In my experience the above process works well with silky oak and cedar wattle.
    Also helps to have an understanding partner!
    John H.
    Jack the Lad.

  9. #8
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    John

    I recently tried doing that with a big lump of camphor laurel I'd turned. I still got a split across the base of the bowl, which when polished was hard to spot. What I didn't do was use a plastic bag, and now my wife is complaining that the frozen sausages smell like camphor.

    I told her to keep her food out of my beer fridge!!!!

  10. #9
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    Arrow

    Hi Chas,I remember early on in my woodturning days reading an article in regards to your query.
    Woodturners with green timber would turn the blanks down to an approximate size and shape but still left about an inch or 2.5cm on the edges(if you're talking about face plate turning that is or bowls if you wish)or those pieces that would be turned between centre's would be rough turned down and then they would proceed to bury them in sawdust and shavings keeping them fully covered for between 6-12 months and checking their weight from the six month period onwards after of course logging their initial weight at the outset after the initial turning was done.I have'nt tried this myself but there may be some old turners around who could verify this and I'M sorry I cannot remember where I saw the article,but if you have storage space then this could be another avenue to investigate upon getting the full details possibly from someone else even on this forum!!This might be similar in principal to the way some of the old butchers used to cure their chopping blocks in that they would immerse their blocks in water until such time as the cellulose was leached out of the block and was replaced with the water which apparently reduced splitting by gradual reduction of the cells as the water was allowed to drain off.Don't quote me on this as I heard this from a butcher cum woodturner some time back.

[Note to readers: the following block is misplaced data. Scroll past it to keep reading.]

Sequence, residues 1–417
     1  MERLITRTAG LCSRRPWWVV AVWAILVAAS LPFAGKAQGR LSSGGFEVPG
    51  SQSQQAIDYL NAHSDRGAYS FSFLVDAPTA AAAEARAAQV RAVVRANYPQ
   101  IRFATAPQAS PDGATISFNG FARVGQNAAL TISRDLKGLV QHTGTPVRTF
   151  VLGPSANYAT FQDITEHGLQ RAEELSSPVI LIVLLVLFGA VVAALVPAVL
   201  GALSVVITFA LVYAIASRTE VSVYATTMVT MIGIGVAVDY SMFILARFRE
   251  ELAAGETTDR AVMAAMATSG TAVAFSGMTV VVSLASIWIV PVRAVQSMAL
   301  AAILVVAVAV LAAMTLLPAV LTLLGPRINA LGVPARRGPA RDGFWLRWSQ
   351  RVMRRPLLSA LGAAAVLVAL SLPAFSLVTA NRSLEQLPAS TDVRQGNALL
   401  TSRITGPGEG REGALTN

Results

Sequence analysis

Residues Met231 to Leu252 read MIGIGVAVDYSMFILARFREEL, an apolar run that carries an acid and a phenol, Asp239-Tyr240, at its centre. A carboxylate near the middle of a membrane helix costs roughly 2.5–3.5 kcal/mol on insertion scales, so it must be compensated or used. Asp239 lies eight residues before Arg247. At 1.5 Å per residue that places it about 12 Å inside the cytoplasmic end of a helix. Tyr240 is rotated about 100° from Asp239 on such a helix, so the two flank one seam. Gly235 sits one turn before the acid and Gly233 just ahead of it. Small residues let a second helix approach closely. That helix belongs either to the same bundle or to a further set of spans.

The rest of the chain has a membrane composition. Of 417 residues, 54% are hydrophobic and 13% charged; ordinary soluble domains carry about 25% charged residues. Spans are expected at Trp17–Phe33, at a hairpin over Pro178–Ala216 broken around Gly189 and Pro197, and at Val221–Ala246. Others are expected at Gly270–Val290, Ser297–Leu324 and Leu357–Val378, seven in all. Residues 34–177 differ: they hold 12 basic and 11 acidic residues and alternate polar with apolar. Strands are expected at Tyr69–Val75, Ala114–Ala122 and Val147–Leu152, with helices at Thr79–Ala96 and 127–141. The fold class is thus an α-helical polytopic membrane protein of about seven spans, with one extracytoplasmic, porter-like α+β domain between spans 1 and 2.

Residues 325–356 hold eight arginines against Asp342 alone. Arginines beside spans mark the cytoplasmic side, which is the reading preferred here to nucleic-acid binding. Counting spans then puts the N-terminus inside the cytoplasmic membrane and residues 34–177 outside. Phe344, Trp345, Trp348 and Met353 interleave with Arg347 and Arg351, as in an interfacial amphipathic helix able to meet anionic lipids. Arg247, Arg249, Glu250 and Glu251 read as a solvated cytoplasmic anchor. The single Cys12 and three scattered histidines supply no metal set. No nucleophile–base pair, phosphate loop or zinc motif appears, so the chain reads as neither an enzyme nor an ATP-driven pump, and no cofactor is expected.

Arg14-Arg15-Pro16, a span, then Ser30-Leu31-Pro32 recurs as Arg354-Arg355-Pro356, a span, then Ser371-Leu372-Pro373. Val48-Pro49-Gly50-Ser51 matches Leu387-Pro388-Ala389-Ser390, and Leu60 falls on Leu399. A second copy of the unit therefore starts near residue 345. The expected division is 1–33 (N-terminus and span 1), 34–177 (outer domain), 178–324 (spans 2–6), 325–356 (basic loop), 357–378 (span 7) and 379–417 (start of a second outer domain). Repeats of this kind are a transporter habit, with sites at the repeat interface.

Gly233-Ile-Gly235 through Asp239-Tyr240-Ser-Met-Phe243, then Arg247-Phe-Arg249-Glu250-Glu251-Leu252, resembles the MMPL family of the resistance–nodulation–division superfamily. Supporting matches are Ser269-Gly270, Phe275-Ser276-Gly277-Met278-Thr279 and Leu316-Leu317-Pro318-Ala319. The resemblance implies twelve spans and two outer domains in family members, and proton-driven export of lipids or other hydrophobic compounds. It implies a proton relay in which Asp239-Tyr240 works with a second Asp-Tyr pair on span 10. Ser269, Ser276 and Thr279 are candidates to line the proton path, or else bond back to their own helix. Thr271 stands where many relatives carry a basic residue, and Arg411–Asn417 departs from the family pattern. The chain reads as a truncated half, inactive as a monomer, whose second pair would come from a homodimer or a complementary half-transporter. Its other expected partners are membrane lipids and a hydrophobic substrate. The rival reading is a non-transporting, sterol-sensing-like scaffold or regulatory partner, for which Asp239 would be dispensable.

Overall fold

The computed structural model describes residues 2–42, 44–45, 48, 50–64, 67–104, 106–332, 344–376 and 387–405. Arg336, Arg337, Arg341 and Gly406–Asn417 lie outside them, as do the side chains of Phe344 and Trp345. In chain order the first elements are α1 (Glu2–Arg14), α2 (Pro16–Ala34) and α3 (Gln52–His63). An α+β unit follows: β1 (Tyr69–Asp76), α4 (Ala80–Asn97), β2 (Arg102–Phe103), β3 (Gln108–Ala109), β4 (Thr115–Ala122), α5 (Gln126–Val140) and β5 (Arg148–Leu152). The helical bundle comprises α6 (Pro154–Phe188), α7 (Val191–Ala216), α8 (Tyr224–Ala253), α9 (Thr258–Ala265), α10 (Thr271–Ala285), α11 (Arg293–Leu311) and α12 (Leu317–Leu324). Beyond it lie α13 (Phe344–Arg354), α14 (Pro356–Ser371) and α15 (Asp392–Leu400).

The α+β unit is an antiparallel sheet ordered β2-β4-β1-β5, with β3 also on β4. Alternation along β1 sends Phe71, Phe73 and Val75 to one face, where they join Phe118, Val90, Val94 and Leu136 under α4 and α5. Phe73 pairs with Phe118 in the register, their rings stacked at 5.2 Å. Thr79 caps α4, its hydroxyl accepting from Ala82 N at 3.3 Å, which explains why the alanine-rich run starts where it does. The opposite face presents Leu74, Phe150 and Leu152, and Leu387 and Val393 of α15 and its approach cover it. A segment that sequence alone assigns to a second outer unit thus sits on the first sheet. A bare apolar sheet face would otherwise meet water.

Cheers and have a good day.

    ------------------
    Johnno

    [This message has been edited by John Saxton (edited 19 July 2000).]

    [This message has been edited by John Saxton (edited 19 July 2000).]
    Johnno

    Everyone has a photographic memory, some just don't have film.

  11. #10
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    I should have added that I bought a second hand microwave for the workshop and cook till there is no more weight loss. My wife wouldn't be at all happy if I used her oven!
    Gordon.

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    Gordon Steele